Building space-time

CONSERVATION LAW.
“For temperature, these small scale entities are kinetic energy and particle collisions, at which the sum of the energy is conserved.”
 
GIANT GRADIENTS.
“That precise conservation gives rise to the existence of steady-state linear gradients on the large scale, and the expectation value of the kinetic energy (per particle) connects to temperature through the Boltzmann constant, e.g. with ⟨Ek ⟩ = 32 kB T in the kinetic theory of gases.”
 
LIMITS.
“Now, to claim that kinetic energy and its properties are defined or governed by the classic thermodynamic model of temperature would be misleading.”
 
MORE LIMITS.
“To construct a model of kinetic energy exchange between particles based on temperature would be to lose detail as well.”
 
 
INSULATION.
“Insulation divides unconnected and separately equilibrating subsystems, and in the temperature model it needs to be assumed separately, and be put in by hand.”
 
EQUILIBRATING SUBSYSTEMS.
“In the particle interaction picture, however, insulation arises naturally in the limit where interactions are suppressed. In addition, it naturally leads to a disruption of a theory modelled on a region with only regular interactions, i.e. without insulation.”
 
LEANING TOWARDS FLUCTATIONS.
“At the quantum level, the basic suggestion is to replace the metric tensor of general relativity (in its role of giving rise to ds2) with interactions between pairs of quantum particles, including (and heavily reliant on) quantum fluctuations.”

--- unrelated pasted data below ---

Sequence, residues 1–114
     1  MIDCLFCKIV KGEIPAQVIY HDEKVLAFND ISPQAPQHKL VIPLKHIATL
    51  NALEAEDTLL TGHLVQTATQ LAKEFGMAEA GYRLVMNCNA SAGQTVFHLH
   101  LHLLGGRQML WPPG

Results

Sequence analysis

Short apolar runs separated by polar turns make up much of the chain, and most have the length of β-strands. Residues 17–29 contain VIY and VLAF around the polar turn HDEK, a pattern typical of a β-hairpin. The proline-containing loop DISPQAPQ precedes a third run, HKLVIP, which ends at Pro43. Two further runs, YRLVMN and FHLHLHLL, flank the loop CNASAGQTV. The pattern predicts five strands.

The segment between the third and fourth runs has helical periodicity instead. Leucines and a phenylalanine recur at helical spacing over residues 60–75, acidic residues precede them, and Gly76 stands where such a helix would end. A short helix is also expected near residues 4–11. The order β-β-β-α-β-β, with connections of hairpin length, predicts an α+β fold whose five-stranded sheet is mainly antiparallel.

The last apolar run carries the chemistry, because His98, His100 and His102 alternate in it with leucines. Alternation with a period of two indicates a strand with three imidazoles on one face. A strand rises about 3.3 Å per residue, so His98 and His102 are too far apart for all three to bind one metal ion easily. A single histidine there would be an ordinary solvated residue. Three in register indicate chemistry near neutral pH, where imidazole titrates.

THE BRIDGE.
“For a connection to the metric, we look to rates of information exchange.”
 
VISUALIZING THE MODEL.
“An equilibrating process is assumed to exist, so that gradients are suppressed, and to begin with the points of reference can be thought of as on a lattice.”
 
THE GAP.
“An origin of space-time in information exchange (interactions) would have consequences at the classical level beyond what is described by general relativity, and not limited to event horizons or curvature.”
 
NOT A REPLACEMENT.
“Note that while the emergent theory in classically safe regions (far away from not only high curvature, but even curvature giving rise to event horizons) must be compatible with general relativity, it is allowed to be more detailed, e.g. fitting within the diffeomorphism invariance of general relativity.”
 
A CONSEQUENCE.
“The simplest example of a direct consequence is in settings where flat space-time is a good approximation and general relativity would not distinguish between regions with vacuum vs a presence of obstacles to information flow.”
 
FLUCTUATING SPACE-TIME.
“With vacuum, we here mean empty space-time where only quantum fluctuations are present, and the optionally present obstacles are extended objects made of matter, not sufficiently massive to prevent flat space-time from be a good approximation on the scales considered.”
 
FLAT SPACE-TIME.
“General relativity would not make a distinction between these two scenarios since it is a theory of curvature only.”
 
INFORMATION FLOW.
“However, any model based on information exchange must depend on how information is transmitted through regions, and so a presence vs absence of obstacles to information flow must give qualitatively different results for the space-time configuration.”
 
RELATIVE GEOMETRY.
“With information propagation restricted due to matter, the shortest path is around rather than across an obstacle. This property of information exchange implies non-trivial structure of the associated flat space-times, relative to the case without obstacles. We will call this relative geometry, and model it on the connectivity of flat space-time, leaving dt constant.”